and a twelvemonth has fully proved its efficacy.

THE PERSIAN PEASANT.
TERRACE CULTIVATION IN CHINA.

Where the effects of war have not been felt, and the The terrace cultivation of China has been noticed by hand of oppression has not fallen heavily, the situation of nearly all writers upon this country; and like most other the Persian peasant is not uncomfortable. His house, subjects, it has been either much exaggerated, or under though built of mud, is warm, and may be clean; and he valued. It appeared to me to be carried to the greatest can always spread a carpet, or felt nurmuds (the work, perfection on the hill-sides adjacent to the river Min near probably, of the women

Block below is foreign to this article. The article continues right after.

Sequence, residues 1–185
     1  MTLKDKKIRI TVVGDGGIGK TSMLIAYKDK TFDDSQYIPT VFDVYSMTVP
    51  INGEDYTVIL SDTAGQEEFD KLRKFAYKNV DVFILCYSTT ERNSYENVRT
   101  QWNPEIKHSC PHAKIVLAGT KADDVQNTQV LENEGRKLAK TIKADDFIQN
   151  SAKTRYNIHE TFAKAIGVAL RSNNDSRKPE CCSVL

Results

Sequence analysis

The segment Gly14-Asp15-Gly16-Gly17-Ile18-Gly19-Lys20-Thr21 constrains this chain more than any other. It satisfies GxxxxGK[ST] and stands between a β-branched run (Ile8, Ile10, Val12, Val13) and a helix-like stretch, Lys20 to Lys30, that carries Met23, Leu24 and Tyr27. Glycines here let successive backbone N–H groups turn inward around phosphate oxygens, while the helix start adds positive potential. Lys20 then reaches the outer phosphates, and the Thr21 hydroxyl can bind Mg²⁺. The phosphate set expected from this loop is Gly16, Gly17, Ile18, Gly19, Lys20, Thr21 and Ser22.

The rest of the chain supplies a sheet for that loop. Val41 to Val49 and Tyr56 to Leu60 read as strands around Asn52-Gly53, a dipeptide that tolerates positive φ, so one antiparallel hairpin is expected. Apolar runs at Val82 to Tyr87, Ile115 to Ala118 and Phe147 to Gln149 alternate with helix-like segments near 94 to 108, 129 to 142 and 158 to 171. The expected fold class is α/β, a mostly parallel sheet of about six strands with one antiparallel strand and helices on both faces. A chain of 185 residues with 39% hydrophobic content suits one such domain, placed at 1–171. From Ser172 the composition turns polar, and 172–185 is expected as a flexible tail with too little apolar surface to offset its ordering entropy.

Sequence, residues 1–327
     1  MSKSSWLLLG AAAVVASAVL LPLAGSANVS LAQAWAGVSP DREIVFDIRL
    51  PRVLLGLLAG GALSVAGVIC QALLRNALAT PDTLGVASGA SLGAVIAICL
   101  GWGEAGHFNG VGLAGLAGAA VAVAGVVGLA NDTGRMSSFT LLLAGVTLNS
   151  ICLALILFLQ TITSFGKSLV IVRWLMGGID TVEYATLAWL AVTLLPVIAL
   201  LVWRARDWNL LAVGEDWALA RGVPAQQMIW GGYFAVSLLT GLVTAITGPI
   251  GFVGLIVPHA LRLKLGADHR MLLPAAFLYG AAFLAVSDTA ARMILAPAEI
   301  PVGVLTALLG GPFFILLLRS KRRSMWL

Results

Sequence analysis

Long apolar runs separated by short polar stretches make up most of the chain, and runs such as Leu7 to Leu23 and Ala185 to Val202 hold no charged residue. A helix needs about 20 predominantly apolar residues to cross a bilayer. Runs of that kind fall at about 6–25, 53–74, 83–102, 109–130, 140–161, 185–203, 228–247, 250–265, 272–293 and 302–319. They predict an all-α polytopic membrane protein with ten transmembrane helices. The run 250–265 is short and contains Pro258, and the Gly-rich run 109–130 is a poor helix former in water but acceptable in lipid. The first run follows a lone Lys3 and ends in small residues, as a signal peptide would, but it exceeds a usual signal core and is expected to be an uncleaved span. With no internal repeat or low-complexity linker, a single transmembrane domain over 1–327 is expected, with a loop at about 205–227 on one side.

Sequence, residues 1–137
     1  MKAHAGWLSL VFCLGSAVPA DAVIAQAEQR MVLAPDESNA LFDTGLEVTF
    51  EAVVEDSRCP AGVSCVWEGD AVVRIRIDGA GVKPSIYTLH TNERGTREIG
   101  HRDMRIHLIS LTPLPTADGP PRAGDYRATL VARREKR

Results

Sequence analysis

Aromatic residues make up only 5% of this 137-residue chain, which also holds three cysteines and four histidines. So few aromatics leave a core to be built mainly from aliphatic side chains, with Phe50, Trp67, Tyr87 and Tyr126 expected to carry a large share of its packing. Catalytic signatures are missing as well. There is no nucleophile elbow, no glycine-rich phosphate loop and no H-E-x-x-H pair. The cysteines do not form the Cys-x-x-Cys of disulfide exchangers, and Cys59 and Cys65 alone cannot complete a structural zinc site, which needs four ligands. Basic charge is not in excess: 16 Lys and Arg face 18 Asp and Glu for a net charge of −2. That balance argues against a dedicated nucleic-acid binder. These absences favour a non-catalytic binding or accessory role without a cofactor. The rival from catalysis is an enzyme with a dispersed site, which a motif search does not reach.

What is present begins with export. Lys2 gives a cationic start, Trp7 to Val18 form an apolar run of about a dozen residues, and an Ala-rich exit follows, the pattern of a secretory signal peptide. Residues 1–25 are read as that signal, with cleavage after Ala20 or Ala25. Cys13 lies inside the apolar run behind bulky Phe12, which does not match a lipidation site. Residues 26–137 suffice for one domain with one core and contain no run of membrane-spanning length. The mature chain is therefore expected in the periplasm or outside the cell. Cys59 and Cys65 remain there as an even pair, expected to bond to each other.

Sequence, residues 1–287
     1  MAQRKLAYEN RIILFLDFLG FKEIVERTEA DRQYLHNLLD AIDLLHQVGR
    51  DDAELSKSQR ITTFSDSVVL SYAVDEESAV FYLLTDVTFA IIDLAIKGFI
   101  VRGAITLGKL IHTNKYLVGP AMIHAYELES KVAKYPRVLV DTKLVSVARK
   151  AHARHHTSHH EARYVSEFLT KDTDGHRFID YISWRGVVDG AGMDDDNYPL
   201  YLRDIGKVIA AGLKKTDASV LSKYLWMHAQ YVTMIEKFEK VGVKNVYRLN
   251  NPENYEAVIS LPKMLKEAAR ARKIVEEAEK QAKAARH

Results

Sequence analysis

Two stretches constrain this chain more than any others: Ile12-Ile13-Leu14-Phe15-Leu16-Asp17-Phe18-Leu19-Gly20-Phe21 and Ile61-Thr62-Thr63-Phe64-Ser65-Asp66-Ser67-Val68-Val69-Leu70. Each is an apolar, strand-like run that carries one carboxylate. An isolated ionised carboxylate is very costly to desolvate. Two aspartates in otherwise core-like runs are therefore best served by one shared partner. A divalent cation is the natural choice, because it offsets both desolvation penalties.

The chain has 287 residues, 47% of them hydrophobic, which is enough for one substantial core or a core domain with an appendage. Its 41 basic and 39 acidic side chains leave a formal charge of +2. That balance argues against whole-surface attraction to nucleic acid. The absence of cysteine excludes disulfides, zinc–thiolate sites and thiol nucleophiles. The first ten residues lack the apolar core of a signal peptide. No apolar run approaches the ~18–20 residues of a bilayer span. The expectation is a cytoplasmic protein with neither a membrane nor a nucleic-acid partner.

of his own family), on the floor of Foo-choo-foo; at least I was more struck with it there his best room, for the accommodation of a guest. He is than anywhere else. On sailing up that beautiful river, comfortably clad in cotton or woollen cloth of home manuthese terraces look like steps on the sides of the moun- facture, or purchased with his own produce from the neartains, one rising above another, until they sometimes reach est bazaar. The fleecy skins of his own sheep afford him six or eight hundred feet above the level of the sea. When a warm covering in winter, and a cap of the national shape the rice and other crops are young, these terraces are for his head. His wife and children are equally well clothed in luxuriant green, and look like a collection of clothed. Silk handkerchiefs, European or native printed gardens among the rugged and barren mountains. The calicoes, stout home-grown and home-made cottons, comterrace system is adopted by the Chinese, either for the pose the apparel of the former, who, as well as the children, purpose of supplying the hill-sides with water where paddy and especially the girls, exhibit many coins and ornaments is to be grown, or to prevent the heavy rains from washing of silver about their persons. His family fare is generally down the loose soil from the roots of other vegetables. frugal: good wheaten bread, in long thin tlaps, cheese, sour Hence these cuttings are seen all over the sides of the milk, honey, grape-treacle, herbs and vegetables—such as hills, not exactly level like the rice terraces, but level onions, radishes, beetroot- and some eggs occasionally; enough to answer the purpose of checking the rains in or a little meat, stewed or roasted in small pieces, or made their descent from the mountain. For the same reason, into soup with a sort of pea or vetch, into which the bread the sweet potato, and some other crops which are grown is broken; and sometimes a pillau of rice well buttered, or on the hills, are always planted in ridges which run cross with meat, and a few plums and raisins by way of feast ; ways or horizontally; indeed, were the ridges made in a fruits in their season, or preserved by being dried ; rice, or different direction, the heavy rains which fall in the early flour and milk, boiled with sugar into a sort of porridge: summer months would carry both the loose soil and crops these things form nearly the whole of the peasant's bill of down into the plains. Rice is grown on the lower terrace fare for the year round; but when a stranger of any conground ; and a stream of water is always led from some